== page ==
Heart: The Story of Anna Sewell
by Jen Longshaw
"I am never afraid of what I know"
The author of one of literature's best-loved classics was born on March
30 1820 in Yarmouth, Norfolk, England. Anna Sewell's mother was a well-known
and popular writer of juvenile best sellers and her father a respected
bank manager. The family were devoted Quakers who lived by a creed of
love for all and compassion for those in less fortunate circumstances
and this also extended to the animals that shared their lives.
England in the 19th century was an unequal society that saw great poverty
existing alongside the wealth of the aristocracy and burgeoning middle-classes.
The Industrial Revolution saw the growth of towns and cities as the rural
population migrated into urban slums to work in the factories and mills
needed to supply the British Empire with the necessities of life. The
horse played a vital part in this Dickensian nightmare working in coal
mines as pit ponies, pulling barges along a vast network of canals, helping
plough the fields and also providing transportation.
However, these noble animals were treated miserably. Often beaten by
their owners, made to pull over-loaded wagons and carriages, many died
of exhaustion where they stood in their harness. There were also some
extremely cruel fashions of the time including the docking of the horse's
tail to "improve the appearance" which not only caused them immense pain
but prevented them swatting away annoying flies causing them to be stung
and bitten. There was also the bearing rein which was used to pull the
horse's head in towards the chest in order to give a pronounced arch to
the neck. This was considered a very desirable look much sought after
in carriage horses but it meant that the animal was unable to breath properly
and would later develop respiratory problems. Not only this, the method
meant they were unable to look from side to side and found it difficult
to pull their loads properly.
Anna and her mother were appalled at the sight of any mistreatment and
often remonstrated with the horse's owner. However, their efforts usually
resulted in the women being threatened with a beating themselves! Their
Quaker beliefs ensured they were opposed to tormenting animals for pleasure
or hunting for sport. After reading an essay on animals by Horace Bushnell
Anna declared that she wished "to induce kindness, sympathy, and an understanding
treatment of horses".
At fourteen years of age Anna suffered a fall in which she injured her
knee. This never healed but left her unable to walk without the aid of
a crutch. Subsequently over the following years she became increasingly
disabled. However, she learned to drive a horse-drawn carriage and took
great pleasure in taking her father to and from the station on his way
to work. An extremely skilled driver she was known for her ability to
control the horses by the sound of her voice alone. She often drove with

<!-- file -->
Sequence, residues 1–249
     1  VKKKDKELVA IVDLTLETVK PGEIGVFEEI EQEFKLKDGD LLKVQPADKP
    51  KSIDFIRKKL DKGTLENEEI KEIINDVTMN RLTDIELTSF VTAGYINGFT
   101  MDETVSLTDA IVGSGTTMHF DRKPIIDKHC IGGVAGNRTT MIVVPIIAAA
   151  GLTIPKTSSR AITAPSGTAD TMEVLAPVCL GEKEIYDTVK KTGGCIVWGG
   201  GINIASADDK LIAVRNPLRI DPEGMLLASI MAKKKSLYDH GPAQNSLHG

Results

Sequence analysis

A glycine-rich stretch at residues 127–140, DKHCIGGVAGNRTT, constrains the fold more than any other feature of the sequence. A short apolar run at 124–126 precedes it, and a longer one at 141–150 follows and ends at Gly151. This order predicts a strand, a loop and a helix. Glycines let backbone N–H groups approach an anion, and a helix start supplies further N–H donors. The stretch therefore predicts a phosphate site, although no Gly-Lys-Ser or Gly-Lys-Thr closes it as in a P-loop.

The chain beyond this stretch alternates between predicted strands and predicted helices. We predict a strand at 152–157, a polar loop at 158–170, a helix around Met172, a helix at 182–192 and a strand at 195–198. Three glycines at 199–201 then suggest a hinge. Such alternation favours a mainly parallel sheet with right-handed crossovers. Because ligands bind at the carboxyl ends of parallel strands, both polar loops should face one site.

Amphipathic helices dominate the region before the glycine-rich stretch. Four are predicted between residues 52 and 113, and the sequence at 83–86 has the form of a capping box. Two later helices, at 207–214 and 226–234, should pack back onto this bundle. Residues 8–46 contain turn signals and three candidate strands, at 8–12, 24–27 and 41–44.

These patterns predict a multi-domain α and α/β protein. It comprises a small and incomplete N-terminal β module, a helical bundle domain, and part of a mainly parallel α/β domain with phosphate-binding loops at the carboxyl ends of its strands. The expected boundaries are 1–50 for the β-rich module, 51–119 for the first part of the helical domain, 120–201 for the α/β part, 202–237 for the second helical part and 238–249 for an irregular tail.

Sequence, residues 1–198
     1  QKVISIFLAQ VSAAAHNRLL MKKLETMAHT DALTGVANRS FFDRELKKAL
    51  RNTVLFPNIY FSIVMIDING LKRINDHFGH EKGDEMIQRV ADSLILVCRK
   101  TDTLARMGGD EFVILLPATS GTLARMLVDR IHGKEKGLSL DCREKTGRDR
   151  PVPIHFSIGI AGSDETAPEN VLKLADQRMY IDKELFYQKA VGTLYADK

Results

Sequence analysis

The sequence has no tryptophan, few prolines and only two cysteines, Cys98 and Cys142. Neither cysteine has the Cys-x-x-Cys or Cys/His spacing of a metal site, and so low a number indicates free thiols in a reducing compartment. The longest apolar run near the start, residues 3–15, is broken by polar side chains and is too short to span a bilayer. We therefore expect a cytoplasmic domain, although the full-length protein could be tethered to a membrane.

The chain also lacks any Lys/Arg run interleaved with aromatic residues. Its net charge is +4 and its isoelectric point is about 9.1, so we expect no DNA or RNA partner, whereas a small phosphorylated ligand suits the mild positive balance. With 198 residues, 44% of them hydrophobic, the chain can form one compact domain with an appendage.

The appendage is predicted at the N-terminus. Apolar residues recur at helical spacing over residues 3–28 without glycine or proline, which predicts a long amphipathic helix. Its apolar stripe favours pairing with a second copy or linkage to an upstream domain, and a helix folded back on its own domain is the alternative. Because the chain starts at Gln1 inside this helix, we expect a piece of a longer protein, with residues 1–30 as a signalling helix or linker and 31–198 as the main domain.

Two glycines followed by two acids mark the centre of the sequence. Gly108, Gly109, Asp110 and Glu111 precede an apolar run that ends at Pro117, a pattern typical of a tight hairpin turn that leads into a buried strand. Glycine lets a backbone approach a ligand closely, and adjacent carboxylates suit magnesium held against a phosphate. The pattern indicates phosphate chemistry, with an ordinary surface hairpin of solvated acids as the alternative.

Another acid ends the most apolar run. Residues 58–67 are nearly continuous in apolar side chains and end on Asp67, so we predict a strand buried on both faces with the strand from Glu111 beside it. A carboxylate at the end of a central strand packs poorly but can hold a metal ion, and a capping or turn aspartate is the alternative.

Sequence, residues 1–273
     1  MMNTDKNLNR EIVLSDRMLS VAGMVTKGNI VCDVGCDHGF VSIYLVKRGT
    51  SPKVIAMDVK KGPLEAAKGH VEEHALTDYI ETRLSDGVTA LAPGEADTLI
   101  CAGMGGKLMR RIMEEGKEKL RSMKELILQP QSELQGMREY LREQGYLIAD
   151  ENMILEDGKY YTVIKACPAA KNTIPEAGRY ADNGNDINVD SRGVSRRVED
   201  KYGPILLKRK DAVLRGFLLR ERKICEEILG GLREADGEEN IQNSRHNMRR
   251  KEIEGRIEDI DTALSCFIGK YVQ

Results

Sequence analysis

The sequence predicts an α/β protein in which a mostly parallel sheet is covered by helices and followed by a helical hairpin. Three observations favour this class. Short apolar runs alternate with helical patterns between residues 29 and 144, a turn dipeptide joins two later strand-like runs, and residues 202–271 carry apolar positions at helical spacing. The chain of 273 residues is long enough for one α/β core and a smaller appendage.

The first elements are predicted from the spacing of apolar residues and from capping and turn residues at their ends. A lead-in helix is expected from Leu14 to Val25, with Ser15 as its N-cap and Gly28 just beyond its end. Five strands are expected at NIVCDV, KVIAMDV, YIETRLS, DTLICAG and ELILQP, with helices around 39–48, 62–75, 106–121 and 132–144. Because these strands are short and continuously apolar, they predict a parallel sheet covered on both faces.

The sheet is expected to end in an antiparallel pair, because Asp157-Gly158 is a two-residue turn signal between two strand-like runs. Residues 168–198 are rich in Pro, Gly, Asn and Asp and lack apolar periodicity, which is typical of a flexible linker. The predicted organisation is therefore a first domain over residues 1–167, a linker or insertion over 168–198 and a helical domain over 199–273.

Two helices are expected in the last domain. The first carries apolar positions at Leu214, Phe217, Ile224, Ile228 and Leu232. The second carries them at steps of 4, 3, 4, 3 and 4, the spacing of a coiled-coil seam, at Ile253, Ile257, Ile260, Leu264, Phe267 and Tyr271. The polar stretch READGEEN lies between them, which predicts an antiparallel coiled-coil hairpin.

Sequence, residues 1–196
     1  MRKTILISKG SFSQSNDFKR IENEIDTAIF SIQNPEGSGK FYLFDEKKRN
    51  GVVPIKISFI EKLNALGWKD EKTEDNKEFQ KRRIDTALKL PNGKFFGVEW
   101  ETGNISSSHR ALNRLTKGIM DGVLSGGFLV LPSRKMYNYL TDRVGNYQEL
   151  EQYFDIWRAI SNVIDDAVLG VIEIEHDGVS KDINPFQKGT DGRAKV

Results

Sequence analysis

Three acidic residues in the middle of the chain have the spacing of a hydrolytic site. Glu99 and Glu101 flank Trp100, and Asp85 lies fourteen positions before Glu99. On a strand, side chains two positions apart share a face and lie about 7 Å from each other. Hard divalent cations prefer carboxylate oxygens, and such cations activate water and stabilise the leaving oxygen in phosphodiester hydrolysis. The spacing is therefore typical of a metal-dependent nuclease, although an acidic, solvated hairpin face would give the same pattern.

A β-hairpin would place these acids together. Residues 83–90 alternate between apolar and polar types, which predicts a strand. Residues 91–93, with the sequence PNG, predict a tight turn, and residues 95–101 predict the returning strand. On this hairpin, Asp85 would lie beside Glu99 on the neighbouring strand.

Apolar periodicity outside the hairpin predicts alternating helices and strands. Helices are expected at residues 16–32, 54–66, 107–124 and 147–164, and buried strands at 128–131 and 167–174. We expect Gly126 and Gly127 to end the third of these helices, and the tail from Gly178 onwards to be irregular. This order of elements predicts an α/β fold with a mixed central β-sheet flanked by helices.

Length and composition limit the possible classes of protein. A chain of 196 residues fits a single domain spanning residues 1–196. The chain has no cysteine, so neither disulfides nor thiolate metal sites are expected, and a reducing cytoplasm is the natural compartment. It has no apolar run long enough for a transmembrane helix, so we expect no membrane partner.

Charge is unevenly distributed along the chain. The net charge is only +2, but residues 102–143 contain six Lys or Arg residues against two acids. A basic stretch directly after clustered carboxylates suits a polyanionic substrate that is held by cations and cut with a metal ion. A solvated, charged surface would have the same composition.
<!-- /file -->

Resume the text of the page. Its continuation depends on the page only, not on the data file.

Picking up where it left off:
a very loose rein and certainly never used a whip.
During the last years of her life Anna Sewell became confined to her
house due to failing health. She spent this time writing a story about
a horse that drew on all her memories of the abusive treatment she had
seen. This fictional autobiography gave readers a unique insight into
equine life as the horse described his happy beginnings as a foal, his
adventures with both good and bad owners through to his eventual retirement.
This book was "Black Beauty".
The character of Beauty was based on her brother's horse Bessie and "Merrylegs"
was based on Anna's own much-loved little grey pony. Although at the time
it was published it only earned Sewell twenty pounds the book was instrumental
in eventually abolishing the macabre bearing rein and awakened an awareness
of the need for a more humane approach in the treatment of animals.
Unfortunately she never saw the eventual success of her book. On April
25 1878, just three months after Black Beauty was published, Anna Sewell
died. Ironically at her funeral her mother noticed that all the horses
in the funeral procession were wearing bearing reins and insisted that
they be removed which they were.
Today critics consider Black Beauty to be overly sentimental and slightly
patronising, an accusation all too often levelled at literature of the
Victorian era. However in the nearly 125 years since its publication the
book has sold over 30 million copies. It has truly earned its place in
the hearts and minds of all animal lovers everywhere. But more amazing
still is the true story of the gentle heart behind it, a woman who demonstrated
that there was strength in kindness and compassion and that the written
word could change the world.
"We call them dumb animals, and so they are, for they cannot tell us
how they feel, but they do not suffer less because they have no words".
2001-2006 Please do not copy in any manner, print or electronic,
without permission from the author.
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ARTICLES BY JEN LONGSHAW